Recap: Digital Citizenship and Participation | Leave No One Behind

A boundary-testing session exploring digital citizenship and participation from the angle of Leave No One Behind

agenda May 1, 2020

What is digital citizenship and who is a digital citizen? What does digital citizenship mean in regard to Leaving No One Behind? Is digital citizenship a right or a privilege? These questions and more were explored in this LNOB platform’s boundary-testing, challenging, and a productive session on digital citizenship and participation.

The right to connectivity
As digital citizens, we are exposed to new opportunities, yet at the same time we see the rise of a ‘digital gap’, digital activism, and critical discussions regarding ethics, digital participation, and even talk of the emergence of ‘digital imperialism’. Caroline Williams, the founder of The Do Good Only Company, passionately expressed her ideas on these issues as she reflected on digital citizenship in today’s day and age, and the consequences of digital inclusion/exclusion. Williams pointed out how even in countries like the Netherlands there are plenty of people who have limited digital access. Something which becomes more evident during the current coronacrisis. How will households without laptops be able to work at home, or how can these households let their kids learn or do exercises for schools? Digital disparities have significant repercussions and form contributing factors to socio-economic inequalities. To counterbalance the digital divide and reduce digital disparities, Williams suggests digital citizenship must address the following nine themes.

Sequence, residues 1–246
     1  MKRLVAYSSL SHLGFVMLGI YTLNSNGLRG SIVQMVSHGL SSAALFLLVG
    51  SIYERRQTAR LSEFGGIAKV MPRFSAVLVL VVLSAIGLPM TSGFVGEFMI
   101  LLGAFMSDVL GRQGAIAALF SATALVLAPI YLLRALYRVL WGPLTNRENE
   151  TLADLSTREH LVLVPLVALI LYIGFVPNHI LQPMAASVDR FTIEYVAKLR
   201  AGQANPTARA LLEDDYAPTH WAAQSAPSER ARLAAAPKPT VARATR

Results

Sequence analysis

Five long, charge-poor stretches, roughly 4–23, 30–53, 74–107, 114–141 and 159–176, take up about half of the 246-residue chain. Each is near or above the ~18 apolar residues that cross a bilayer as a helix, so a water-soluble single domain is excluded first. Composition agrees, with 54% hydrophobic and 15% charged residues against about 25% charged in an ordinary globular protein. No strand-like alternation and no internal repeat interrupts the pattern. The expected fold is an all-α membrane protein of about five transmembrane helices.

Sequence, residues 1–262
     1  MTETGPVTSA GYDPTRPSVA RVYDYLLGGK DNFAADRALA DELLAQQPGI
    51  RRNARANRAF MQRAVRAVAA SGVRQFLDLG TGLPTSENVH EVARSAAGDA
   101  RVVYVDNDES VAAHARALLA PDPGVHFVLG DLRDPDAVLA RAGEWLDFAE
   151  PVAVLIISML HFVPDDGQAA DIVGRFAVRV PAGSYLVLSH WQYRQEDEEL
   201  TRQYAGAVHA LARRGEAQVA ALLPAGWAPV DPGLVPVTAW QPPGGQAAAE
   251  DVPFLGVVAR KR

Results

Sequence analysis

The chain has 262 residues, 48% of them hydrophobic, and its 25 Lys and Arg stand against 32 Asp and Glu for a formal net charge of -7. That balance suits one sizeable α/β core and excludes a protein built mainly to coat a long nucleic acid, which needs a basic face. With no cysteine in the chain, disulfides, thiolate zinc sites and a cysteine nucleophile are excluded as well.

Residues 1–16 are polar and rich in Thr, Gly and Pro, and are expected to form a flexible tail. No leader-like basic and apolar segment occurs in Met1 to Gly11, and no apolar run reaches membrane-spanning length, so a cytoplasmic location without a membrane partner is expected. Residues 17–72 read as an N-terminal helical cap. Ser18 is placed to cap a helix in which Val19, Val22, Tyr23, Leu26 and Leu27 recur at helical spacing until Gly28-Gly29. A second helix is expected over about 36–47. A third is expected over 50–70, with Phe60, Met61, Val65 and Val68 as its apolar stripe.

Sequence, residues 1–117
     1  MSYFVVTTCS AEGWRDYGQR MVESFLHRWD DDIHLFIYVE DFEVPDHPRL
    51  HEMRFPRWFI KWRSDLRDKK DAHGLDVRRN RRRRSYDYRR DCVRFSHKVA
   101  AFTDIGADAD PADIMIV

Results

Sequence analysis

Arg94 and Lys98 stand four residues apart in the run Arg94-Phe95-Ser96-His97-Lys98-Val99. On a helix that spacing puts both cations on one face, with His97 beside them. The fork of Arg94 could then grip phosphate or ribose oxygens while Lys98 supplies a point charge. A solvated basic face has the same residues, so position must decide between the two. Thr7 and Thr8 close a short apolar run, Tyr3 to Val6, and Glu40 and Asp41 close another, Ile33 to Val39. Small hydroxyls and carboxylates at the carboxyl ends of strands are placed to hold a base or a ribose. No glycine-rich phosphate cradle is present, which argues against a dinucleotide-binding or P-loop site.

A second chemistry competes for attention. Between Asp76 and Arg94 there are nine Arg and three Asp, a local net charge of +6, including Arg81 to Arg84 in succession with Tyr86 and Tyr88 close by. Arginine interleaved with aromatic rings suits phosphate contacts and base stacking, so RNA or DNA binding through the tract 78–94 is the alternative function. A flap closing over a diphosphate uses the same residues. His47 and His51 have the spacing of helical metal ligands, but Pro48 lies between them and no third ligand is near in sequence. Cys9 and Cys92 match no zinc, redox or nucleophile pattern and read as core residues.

“Connectivity should not be a privilege, it should be a right for every member of society!”

Dangers of Digital Colonialism
According to Williams, the data that we produce and the data that we consume are not neutral. Often, we give away our data to gain access to the digital world. However, this comes at a price, as Williams stated, “the only thing free is the data being collected”. Williams believes that tech companies must build digital solutions in collaboration with the people for which they are meant, suggesting that solely ‘building for’ rather than ‘building with’ helps maintain power dynamics that enable things like digital colonialism. See also the principles for Digital Development.
Williams concludes by emphasizing the importance of the non-digital, suggesting that despite our current conditioning, technical solutions are not always superior and that “actual change and engagement still only occurs when you get away from your computer screen and go out and engage”.

Online Tools for Participatory Processes
In addition to Caroline William’s critical reflection, founders Raoul Kramer and Leo Hart of the company Enabl.ist presented about how online tools can strengthen participatory processes and IT innovations. Enabl.ist helps organizations create more participatory, safe and transparent IT structures and data. In their presentation, Kramer and Hart outlined lessons-learned from cases in which Enabl.ist helped a political party, a council, and an NGO increase their (digital) participation with their members and citizens.

Overall it was a thought-inspiring and critical session with a diverse group of 24 people participating! Ideas were shared and discussions took place, leaving participants with a real sense of the importance of the subject and need for digital and non-digital solutions.

Further Information:
Presentations: Enabl.ist Presentation, Do Good Only Company Presentation 
Other Resources: Digital Colonialism: a Global Overview Video, Good Things Foundation Coronavirus and Digital Inclusion Information Webpage, Ethics Advisory Group 2018 Report on Digital Ethics

Save the Date! Our next virtual session will be June 11th from 15:30-17h. Spread the word! We look forward to seeing you there!

We recorded the session for those who would like to have a look: https://www.youtube.com/watch?v=Cm7b00w5izU

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